Floating Filament X-Ray Generators and the Possible Problems That Long High Voltage Cables Can Produce
Spellman has been making X-Ray generators for over 3 decades. Most fall into three basic categories:
- Ground Referenced Filamentary Control
- Floating Filamentary Control
- Bipolar Output Filamentary Control
Ground Referenced Filament X-Ray Generators Type:
Ground Referenced Filamentary Control X-Ray generators include: XMPG, XLG, FF, DXM, MNX, uX, uXHP, VMX and the PMX. These X-Ray generators typically have a positive output voltage with respect to ground. The filament is DC and is ground referenced. The temperature (amps) of the filament, the voltage potential (kV) and exposure time will determine the output X-Ray imaging characteristics. Since the filament is at ground and DC, implementation of filamentary control for this X-Ray generator is fairly straight forward and simple.
Floating Filament X-Ray Generator Type:
Floating Filamentary X-Ray Generators include XMPF, DF, XRF, DXM, DXM100, XLF, DXB, and MFX . These “floating filament” X-Ray generators are different…their filament power supplies are referenced to the negative cathode output voltage. That means that the filament power supply must be controllable (using ground referenced programming and feedback signals) while being connected to the main high voltage output, in some cases at -160kV or greater. Implementing floating filament X-Ray generators are more complicated.
Bipolar Output X-Ray Generator Type:
Bipolar Output X-Ray generators utilize a floating filament circuit (think Floating Filament X-Ray Generator) but instead of just leaving the anode at ground, it is elevating it at the same but opposite polarity potential of the cathode. This effectively doubles the voltage across the X-Ray tube, allowing greater output power. The implementation functions like a standard floating filament X-Ray generator, with all the same engineering complexities.
Ground Referenced Filament Driver Circuits:
Ground Referenced filament circuits (X-Ray generators with a positive output polarity) are for the most part easier to design and fabricate. The filament supply is typically a small 0 to 5 amp @ 10Vdc power supply. This is relatively simple to implement and design because its ground referenced, and it is DC. Because the filament output is DC, driving long high voltage cable lengths tend to be more forgiving. If there is adequate compliance voltage designed in the DC filament driver to drive the long cable, all should be good. In general, ground referenced DC filament circuits are just simpler, from a design and implementation perspective.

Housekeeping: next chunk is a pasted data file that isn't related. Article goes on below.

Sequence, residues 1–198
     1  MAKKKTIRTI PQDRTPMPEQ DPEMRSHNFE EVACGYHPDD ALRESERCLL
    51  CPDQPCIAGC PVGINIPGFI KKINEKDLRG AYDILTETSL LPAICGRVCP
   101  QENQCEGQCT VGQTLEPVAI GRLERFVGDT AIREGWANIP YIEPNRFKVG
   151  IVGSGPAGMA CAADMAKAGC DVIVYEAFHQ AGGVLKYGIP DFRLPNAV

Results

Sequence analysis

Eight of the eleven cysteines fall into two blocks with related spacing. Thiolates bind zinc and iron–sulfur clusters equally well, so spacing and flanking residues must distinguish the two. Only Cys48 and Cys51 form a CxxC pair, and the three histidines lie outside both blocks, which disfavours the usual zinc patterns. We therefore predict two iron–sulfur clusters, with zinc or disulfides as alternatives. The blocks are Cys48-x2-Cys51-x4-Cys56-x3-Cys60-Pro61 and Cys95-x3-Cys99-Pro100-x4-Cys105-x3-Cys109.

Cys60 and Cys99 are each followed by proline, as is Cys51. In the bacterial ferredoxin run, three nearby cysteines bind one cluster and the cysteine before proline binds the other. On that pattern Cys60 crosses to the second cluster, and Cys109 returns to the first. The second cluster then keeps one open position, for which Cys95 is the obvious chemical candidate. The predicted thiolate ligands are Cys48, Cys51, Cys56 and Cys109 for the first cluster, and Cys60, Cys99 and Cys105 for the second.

Floating Filament Driver Circuits:
Floating Filament Driver Circuits are more complicated from an Engineering perspective because they must be connected (referenced) to the negative high voltage output potential of the cathode of the X-Ray tube. Isolation voltage requirements are for -50kV, -100kV, -160kV or more. Isolation transformers are run at high frequency AC, since transformers only function with AC waveforms. Filament circuits operate in current mode, so obtaining a sample of the actual filament current is easy using a current sense transformer. Here utilizing AC for the filament output simplifies the isolation and sensing requirements of the filament circuit. Typically, the operating frequency for the floating filament circuits are approximately 30 to 40 kilohertz. High enough in frequency to be inaudible and to also high enough to keep the size of the filament isolation transformer magnetics and filament driver circuitry to a reasonable size.
The Problems with Long High Voltage Cables Using an AC Filament:
Using high frequency AC for a floating filament X-Ray tube application makes some of the design tasks easier, but there is one potential drawback using this technique. The high voltage cable becomes part of the “tuned resonant circuit” of the AC filament driver and excessive high voltage cable lengths can result in some fundamental operational problems. The standard negative output voltage DXM sold with an AC filament is calibrated with a 10 foot long high voltage cable. Excessively long high voltage cables can have so much inductance the filament driver circuit may not have adequate voltage compliance to drive the long high voltage cables, causing problems operating the X-Ray tube. Basically, all the AC high frequency voltage gets dropped across the long high voltage cable leaving inadequate capability to drive the X-Ray tube filament properly. AC filament circuits are not designed to drive long high voltage cables.
When working with X-Ray generators be it DC or AC filaments, use the sensible engineering approach to try to keep the high voltage cable (or filament cable) as short as reasonably possible.